Have you ever had the sense of deja vu? You think to yourself, I’ve been here before or I remember this moment already happening. But have you ever had to live one day over and over again for the rest of your life? For one weatherman, Groundhog Day becomes one endless loop of deja vu that he can’t escape!
February 2nd Happens Every Night at the August Wilson Theatre
The classic Bill Murray comedy has finally hit the Broadway stage! Based on the original movie, Groundhog Day follows weatherman Phil Connors as he takes the dreaded trip to Punxsutawney, Philadelphia to cover the annual Groundhog Day celebration. It might be the fact that a groundhog predicting the weather is insulting to his profession, but regardless this is not Phil’s favorite holiday.
Next to the saccharine sweet residents of Punxsutawney, Philadelphia, Phil is every bit the opposite of these small town folks. He’s sarcastic, biting, hating every bit of small town life, and can’t wait to get the heck out of there. However, it’s not his day when a snowstorm blows in and causes a time warp for everybody in Punxsutawney. Phil is doomed to live this same Groundhog Day over and over and over again. Will he eventually learn his lesson and get back to his normal life or will he be stuck in his own personal hell forever?
No Groundhogs Were Kidnapped in the Making of this Musical
Groundhog Day is not exactly like the movie, but it’s pretty darn close. For starters, our Phil Connors, played by Andy Karl, is perhaps even more snarky than Bill Murray was (if that’s even possible). And like most adaptations, some familiar moments did not manage to make it into the musical. We do miss the groundhog kidnapping and the morning wake up call to Sonny and Cher’s “I Got You Babe,” both iconic to this film.
Other than these little details, the storyline is nearly identical. Phil needs to learn how to not be so self-centered in order to get out of this repetitious day. He’s aided by producer, Rita, who unbeknownst to her, becomes his love interest and catalyst for change. All of the other theatrical elements bring this movie to another level on the Broadway stage.
Cue the Orchestra and Roll on the Sets
The music of Groundhog Day shows the different stages of Phil’s journey of self-discovery - going from sarcastic, to self-serving, to suicidal, to finally a changed man. In the jazzy “Philandering,” Phil swaggers as he takes full advantage of his stuck situation by stealing money, blowing off work, and figuring how to get Nancy to sleep with him. When he feels hopeless, we listen to the rock ballad “Hope” and watch Karl attempt suicide through various methods in a darkly humorous scene.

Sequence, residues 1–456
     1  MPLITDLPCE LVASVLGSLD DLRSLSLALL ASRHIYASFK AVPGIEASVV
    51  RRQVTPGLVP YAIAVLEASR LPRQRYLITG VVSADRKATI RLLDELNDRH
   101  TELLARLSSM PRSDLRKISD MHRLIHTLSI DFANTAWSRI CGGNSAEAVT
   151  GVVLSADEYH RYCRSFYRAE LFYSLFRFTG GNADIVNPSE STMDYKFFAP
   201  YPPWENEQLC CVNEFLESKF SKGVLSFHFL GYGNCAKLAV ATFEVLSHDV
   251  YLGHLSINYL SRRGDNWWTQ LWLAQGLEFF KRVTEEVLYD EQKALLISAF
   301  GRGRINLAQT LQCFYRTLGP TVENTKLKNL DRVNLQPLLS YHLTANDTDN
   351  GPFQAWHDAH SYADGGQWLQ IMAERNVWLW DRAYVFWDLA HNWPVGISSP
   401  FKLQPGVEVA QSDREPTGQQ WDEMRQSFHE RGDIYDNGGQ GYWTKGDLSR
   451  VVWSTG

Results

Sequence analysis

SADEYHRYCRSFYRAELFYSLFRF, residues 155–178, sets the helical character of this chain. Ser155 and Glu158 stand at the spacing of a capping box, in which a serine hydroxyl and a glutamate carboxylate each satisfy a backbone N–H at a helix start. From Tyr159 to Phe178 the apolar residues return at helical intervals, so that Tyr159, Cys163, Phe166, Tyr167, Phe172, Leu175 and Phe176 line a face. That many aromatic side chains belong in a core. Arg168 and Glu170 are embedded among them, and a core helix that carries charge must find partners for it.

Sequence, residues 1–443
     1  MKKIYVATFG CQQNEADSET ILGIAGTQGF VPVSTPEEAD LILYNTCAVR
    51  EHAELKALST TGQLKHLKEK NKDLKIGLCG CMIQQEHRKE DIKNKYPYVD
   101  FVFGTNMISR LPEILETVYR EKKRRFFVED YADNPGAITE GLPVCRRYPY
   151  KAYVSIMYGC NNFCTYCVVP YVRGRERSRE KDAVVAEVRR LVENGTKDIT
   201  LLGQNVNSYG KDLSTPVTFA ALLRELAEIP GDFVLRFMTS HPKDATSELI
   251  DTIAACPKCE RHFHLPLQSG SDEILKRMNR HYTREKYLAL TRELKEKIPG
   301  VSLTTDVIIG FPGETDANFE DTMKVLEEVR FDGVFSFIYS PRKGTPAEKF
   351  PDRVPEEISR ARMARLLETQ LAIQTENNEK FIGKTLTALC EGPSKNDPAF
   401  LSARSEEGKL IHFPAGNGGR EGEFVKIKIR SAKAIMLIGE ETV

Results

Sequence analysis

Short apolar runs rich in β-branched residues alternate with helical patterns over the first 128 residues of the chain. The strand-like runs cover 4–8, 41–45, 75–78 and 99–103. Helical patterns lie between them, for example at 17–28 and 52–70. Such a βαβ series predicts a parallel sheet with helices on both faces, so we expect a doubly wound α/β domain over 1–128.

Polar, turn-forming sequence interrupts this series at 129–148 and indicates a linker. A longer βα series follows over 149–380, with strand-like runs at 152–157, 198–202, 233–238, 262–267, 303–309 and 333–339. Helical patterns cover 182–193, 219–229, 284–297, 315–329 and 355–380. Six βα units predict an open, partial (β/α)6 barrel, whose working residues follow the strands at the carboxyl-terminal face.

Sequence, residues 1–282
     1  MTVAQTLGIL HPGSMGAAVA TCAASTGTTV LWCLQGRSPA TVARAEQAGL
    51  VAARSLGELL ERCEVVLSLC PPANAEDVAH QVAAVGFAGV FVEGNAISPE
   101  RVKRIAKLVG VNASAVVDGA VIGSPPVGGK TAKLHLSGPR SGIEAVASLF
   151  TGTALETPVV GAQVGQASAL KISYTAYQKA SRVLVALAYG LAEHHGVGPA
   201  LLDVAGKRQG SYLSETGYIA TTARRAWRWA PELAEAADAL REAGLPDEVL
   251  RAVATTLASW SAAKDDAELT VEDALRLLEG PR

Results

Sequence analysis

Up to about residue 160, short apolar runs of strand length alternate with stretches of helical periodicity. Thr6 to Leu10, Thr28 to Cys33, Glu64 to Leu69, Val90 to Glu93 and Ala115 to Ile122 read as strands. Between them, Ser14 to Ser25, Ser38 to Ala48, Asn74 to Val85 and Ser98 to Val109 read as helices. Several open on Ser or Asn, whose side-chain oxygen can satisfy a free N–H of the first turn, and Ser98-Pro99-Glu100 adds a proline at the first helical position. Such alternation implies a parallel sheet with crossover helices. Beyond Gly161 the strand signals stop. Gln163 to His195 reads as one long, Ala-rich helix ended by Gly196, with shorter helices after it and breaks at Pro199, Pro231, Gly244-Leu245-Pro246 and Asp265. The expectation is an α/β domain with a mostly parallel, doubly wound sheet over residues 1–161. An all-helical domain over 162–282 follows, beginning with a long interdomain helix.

Barrett Doss also has touching moments as Rita especially during “If I Had My Time Again.” She shows Phil a new timeline he hasn’t seen before in his endless days and opens his eyes to something new. It gives us the opportunity to see Phil’s feelings for Rita grow into something more than a passing crush.
The set, designed by Rob Howell, moves flawlessly with the action happening onstage. The rotating stage is the perfect vehicle to recreate each day as Phil’s room spins open to wake him up day after day. Howell also got creative with other notable scenes from the movie that you’d think wouldn’t make it onstage. The high-speed chase uses a movable truck piece as Phil tries to outrun the following police. We are then transported to viewing this chase from above as model cars run through the makeshift city streets. An outstanding and exciting visual!
Small Town Kookiness
The characters in this play seem to be as opposite each other as possible. We ask ourselves, can these people of Punxsutawney really be these obnoxiously optimistic? Is Phil Connors really that over-the-top mean?
The ensemble is a kooky cast ranging from Ohio residents with groundhogs on their heads, to Phil’s biggest fans, Debbie and Fred, and of course the well-intentioned Ned Ryerson. They’re all fun to watch and offer great support to our main characters.
For this writer, they don’t necessarily read as natural portrayals of people, but because they act as a foil to Phil, they’re necessary to see his dramatic change of heart.
In the end, Groundhog Day is a heartwarming rom-com as it gives more voice to the more minor characters than in the movie. We start to see these small town residents in a new light just as Phil does. It’s great for those who are fans of the film because it captures the same repetitious feeling without being tedious as it adds new moments to the mix. Groundhog Day is also constantly moving keeping us engaged with the action, which makes it a good fit for anyone looking to catch a traditional Broadway show.
Groundhog Day has an open run
August Wilson Theatre
245 W 52nd St.
New York, NY 10019